Many first time home buyers, or even seasoned home buyers for that matter do not realize that there is a difference between purchasing a condominium (“condo”) and purchasing a cooperative (“coop”). While listing all the differences and nuances could take quite a bit of time as well as a lot more detail, for purposes of a brevity, we would just list a few things in general that you should be aware of:
- Ownership – When you purchase a condominium you are actually purchasing the unit (aka real estate). The differs from when you are purchasing a coop as in such a case you are purchasing shares in the corporation (association) that either owns or leases the property the unit is located in; so in essence you are not purchasing real estate;
- Approval – In almost all coop purchases the potential purchaser needs to obtain the coop board’s approval. The requirements for approval can vary (e.g., some boards only allow cash purchases, other boards require that you have three (3xs) times the sum of the purchase price in liquid assets, etc). While a condo purchase may be subject to board approval, there are many cases where no board approval is necessary;
- Maintenance Fees – More often than not the maintenance fee for a coop is higher than that of a condo. Part of the reason why, is everything including in the coop maintenance fee (e.g., real estate taxes), whereas in a condo, the unit owner (or their lender) generally pay the taxes to the municipality on his/her own. This is also a reason why certain portions of the coop maintenance fees are tax deductible as opposed to the maintenance fees for condos; and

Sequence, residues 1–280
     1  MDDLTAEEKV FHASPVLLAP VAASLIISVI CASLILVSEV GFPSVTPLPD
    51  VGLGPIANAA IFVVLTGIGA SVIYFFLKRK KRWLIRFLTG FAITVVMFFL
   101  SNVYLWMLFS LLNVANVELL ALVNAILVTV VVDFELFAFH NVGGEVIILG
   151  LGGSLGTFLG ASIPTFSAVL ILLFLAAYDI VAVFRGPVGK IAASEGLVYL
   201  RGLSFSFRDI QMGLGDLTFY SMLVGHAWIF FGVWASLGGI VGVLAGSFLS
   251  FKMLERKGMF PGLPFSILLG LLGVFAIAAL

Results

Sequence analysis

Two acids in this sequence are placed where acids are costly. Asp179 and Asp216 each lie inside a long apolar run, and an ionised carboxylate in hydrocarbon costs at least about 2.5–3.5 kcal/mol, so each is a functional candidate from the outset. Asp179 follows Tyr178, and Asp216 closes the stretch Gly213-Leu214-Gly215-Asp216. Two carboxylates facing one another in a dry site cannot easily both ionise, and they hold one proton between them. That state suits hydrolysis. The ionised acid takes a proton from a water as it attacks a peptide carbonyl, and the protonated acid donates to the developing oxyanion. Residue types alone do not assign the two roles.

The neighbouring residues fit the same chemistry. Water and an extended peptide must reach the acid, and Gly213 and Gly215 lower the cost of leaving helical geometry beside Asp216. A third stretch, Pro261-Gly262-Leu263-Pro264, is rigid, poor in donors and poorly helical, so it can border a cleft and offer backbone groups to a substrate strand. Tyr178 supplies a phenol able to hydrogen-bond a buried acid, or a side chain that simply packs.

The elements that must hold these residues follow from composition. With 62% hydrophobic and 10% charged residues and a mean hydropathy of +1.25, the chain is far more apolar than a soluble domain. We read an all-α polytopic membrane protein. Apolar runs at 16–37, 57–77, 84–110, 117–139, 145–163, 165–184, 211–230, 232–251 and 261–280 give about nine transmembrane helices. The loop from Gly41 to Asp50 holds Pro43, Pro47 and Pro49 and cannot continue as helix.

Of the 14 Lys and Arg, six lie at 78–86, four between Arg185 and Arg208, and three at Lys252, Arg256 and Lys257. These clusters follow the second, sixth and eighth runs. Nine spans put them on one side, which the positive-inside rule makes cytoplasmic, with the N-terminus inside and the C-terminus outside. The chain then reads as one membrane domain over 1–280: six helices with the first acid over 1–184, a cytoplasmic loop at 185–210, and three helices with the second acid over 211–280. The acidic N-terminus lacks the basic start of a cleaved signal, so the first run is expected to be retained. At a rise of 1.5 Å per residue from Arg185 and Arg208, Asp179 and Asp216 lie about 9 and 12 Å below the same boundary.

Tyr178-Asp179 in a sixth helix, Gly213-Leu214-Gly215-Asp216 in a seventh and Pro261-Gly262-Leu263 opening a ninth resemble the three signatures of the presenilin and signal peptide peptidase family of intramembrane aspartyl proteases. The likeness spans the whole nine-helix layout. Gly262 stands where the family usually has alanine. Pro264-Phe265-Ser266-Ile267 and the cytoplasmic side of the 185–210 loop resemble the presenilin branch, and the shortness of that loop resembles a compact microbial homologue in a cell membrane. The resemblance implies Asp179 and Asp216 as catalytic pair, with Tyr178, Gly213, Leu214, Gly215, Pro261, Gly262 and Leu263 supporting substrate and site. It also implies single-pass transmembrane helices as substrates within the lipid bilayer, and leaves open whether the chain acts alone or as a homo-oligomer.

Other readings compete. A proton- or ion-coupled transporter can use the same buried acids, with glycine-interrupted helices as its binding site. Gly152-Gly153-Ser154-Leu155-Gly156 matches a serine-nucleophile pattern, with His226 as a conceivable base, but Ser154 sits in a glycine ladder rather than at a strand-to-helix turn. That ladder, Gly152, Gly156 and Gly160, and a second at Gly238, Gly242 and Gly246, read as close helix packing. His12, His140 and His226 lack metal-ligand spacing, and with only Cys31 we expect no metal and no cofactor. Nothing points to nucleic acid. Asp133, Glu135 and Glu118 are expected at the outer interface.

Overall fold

- Mortgages – When getting a loan on a condo a mortgage is placed on the unit. This differs from a coop, where the mortgage (or security interest) is placed on the shares. Additionally, the lender in a coop mortgage will generally require a recognition agreement from the coop association, where there same is not required for a condo.
Again, the above is just a brief description of some of the differences between condos and coops. For more information you should consult with a real estate attorney.
The information in this blog posting is for general information purposes only. Nothing in this blog or associated pages, documents, comments, answers, emails, or other communications should be taken as legal advice for any individual case or situation. The information in this blog is not intended to create, and receipt or viewing of this information does not constitute, an attorney-client relationship.